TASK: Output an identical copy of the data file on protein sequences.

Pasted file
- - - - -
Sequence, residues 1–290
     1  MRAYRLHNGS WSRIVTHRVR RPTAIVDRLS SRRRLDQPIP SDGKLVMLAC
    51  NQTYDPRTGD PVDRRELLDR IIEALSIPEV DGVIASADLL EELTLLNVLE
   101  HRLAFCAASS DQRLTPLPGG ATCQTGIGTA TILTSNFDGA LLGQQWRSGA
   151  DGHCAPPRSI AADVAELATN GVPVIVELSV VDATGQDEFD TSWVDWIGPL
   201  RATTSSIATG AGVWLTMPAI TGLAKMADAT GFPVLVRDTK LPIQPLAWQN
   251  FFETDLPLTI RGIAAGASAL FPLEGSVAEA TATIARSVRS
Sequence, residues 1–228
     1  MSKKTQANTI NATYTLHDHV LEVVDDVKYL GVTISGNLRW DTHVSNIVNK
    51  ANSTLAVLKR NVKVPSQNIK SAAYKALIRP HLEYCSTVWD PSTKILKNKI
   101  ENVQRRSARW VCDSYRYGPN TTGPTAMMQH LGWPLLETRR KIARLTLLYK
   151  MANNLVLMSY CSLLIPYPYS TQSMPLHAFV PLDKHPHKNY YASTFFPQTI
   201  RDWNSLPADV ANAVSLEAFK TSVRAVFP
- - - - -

Sequence, residues 1–290
     1  MRAYRLHNGS WSRIVTHRVR RPTAIVDRLS SRRRLDQPIP SDGKLVMLAC
    51  NQTYDPRTGD PVDRRELLDR IIEALSIPEV DGVIASADLL EELTLLNVLE
   101  HRLAFCAASS DQRLTPLPGG ATCQTGIGTA TILTSNFDGA LLGQQWRSGA
   151  DGHCAPPRSI AADVAELATN GVPVIVELSV VDATGQDEFD TSWVDWIGPL
   201  RATTSSIATG AGVWLTMPAI TGLAKMADAT GFPVLVRDTK LPIQPLAWQN
   251  FFETDLPLTI RGIAAGASAL FPLEGSVAEA TATIARSVRS
Sequence, residues 1–228
     1  MSKKTQANTI NATYTLHDHV LEVVDDVKYL GVTISGNLRW DTHVSNIVNK
    51  ANSTLAVLKR NVKVPSQNIK SAAYKALIRP HLEYCSTVWD PSTKILKNKI
   101  ENVQRRSARW VCDSYRYGPN TTGPTAMMQH LGWPLLETRR KIARLTLLYK
   151  MANNLVLMSY CSLLIPYPYS TQSMPLHAFV PLDKHPHKNY YASTFFPQTI
   201  RDWNSLPADV ANAVSLEAFK TSVRAVFP